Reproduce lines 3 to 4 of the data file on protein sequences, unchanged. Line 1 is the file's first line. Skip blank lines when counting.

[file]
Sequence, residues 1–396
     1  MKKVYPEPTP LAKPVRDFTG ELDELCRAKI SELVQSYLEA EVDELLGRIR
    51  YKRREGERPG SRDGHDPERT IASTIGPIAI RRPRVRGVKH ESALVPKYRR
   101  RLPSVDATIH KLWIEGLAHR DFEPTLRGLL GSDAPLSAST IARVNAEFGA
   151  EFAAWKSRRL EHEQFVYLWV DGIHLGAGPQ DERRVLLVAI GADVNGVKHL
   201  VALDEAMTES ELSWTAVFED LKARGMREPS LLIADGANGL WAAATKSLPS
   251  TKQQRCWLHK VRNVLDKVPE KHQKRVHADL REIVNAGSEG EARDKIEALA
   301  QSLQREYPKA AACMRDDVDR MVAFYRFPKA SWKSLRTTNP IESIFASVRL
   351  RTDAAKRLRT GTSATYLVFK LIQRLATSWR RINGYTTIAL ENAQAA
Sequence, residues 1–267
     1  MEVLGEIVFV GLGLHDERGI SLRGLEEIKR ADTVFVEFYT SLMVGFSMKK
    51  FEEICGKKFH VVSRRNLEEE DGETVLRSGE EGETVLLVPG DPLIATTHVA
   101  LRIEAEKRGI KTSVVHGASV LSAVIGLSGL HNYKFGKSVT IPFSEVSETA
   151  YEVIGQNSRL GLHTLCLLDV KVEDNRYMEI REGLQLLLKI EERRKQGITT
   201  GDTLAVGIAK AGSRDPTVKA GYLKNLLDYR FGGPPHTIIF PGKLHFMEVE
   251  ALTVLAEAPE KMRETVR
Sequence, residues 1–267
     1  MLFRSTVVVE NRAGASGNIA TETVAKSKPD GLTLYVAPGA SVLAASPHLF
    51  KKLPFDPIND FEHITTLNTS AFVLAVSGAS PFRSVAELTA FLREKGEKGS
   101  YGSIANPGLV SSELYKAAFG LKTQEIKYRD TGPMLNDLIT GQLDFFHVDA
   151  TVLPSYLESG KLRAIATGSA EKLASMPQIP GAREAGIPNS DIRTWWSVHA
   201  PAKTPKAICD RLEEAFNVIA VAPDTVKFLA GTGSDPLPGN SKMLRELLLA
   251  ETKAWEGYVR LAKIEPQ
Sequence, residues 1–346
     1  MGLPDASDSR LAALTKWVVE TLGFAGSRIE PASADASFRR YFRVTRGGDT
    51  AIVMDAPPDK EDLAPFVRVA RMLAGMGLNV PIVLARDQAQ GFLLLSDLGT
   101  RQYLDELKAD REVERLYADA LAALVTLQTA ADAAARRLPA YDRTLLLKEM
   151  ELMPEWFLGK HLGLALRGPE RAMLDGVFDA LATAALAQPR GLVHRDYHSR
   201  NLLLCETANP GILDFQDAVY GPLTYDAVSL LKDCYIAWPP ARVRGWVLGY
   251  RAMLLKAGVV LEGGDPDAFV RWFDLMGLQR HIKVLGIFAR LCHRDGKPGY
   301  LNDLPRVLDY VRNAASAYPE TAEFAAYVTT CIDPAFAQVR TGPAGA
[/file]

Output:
    51  YKRREGERPG SRDGHDPERT IASTIGPIAI RRPRVRGVKH ESALVPKYRR
   101  RLPSVDATIH KLWIEGLAHR DFEPTLRGLL GSDAPLSAST IARVNAEFGA